It just hit me that I haven’t blogged in weeks! I didn’t intentionally go on a hiatus, and all my serious blogging friends probably think I’ve gone to the dogs because I haven’t kept posts flying up every week. But the truth is, it’s a good sign. I’ll explain.
Historically, I’ve experienced a huge blind spot in the area of self-regulation. For a long time, I tried to run on some sort of “human generator” instead of maintaining and nurturing my main engine. (Translation: instead of getting energy from rest and nourishment, I’d crank myself up on caffeine and run til I couldn’t go anymore.) But I quickly learned that generators aren’t created to take the weight of our need for power. They’re a short-term option. If you tend to forget self-care, here is a very important little secret I’ve discovered after making some repeated mistakes over the years:
Being driven doesn’t have to mean driving yourself into the ground!
I’m driven. But I used to focus that drive on putting out the biggest fires I could. I didn’t do it on purpose, it just happened. I would focus the greater part of my energy on whatever was screaming the loudest. (Hello? It’s what moms do ALL the time, right?) I applied that same thing to my job, my home, and even my spiritual and physical well-being. Then, when something was “screaming” I would go into crisis mode and all energy and mental resources were poured into that issue. This mentality affected everything – even my tendency to be late all the time. (I wouldn’t worry about being at the next place until I had to rush to make it.)
Eventually, it hit me that focusing on only these seemingly high-return activity (fires, the squeekiest wheels, the mini-crises, etc.) gives the illusion of productivity and (to be completely transparent) significance, but drains all creativity. And sanity. And peace. And health. Over time, this drain of mental, physical, emotional and even spiritual resources becomes its own crisis if we’re not proactive.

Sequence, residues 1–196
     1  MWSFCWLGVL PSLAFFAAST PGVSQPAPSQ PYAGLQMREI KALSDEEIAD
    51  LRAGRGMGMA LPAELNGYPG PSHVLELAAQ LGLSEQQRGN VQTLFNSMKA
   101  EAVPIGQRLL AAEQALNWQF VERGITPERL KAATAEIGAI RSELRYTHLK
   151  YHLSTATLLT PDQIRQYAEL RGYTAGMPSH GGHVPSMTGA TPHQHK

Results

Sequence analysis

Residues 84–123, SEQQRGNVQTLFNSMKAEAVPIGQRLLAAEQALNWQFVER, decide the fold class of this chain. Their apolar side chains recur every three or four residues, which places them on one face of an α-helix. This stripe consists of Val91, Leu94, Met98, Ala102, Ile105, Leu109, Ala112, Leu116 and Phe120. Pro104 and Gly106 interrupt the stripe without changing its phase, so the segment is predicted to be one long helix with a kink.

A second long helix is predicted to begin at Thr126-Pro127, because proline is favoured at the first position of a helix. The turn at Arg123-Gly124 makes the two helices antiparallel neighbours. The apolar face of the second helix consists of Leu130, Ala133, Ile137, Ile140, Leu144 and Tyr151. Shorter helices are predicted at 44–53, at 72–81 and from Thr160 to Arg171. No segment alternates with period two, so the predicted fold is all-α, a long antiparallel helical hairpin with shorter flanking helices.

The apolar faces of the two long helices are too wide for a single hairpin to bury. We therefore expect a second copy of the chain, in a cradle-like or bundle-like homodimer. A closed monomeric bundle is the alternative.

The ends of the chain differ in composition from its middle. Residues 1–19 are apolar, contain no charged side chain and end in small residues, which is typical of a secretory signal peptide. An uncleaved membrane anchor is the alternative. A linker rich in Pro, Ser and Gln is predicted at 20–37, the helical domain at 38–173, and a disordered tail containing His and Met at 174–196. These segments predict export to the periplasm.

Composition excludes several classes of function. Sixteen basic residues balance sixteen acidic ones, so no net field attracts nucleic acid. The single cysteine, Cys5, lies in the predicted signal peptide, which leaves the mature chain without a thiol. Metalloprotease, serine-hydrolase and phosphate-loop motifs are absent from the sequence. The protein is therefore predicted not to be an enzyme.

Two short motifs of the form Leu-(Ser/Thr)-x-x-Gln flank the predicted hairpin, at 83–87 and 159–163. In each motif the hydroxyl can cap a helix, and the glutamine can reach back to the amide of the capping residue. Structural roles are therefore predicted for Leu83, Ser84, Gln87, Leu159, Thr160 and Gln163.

It has been an interesting heart-shift to decide that I don’t just have to refuel my mind, heart and body when I’m on empty. Or that I can start something long before it’s critical. Or? I can just not blog rather than staying up half the night or sacrificing family time during busy writing seasons. And who would believe that I could actually arrive somewhere early? (Okay, I won’t lie, I’m still working on this one big-time.)
This isn’t just a new mindset – it’s a spiritual discipline. Knowing one’s limitations and keeping focused on long-term sustainability is helping me keep perspective of my true mission rather than distracting me with the sideshow of high-need activities that might cause me to neglect seeing myself, my family, and my work with greater discernment.
This will be a life-long pursuit – one that doesn’t come naturally for me. But one that is necessary for health, for connecting with people in a significant way, for keeping life sane and goals reachable, and for keeping me living in the moment rather than ‘out there’ mentally and emotionally. I still have a long way to go before self-regulation becomes a true habit. But staying this course is a gift to myself, from myself… and you know what? It it a gift to the people I love.
I would be curious to hear from you all on this. Anyone have some advice about learning to self-regulate and keeping all our roles in perspective??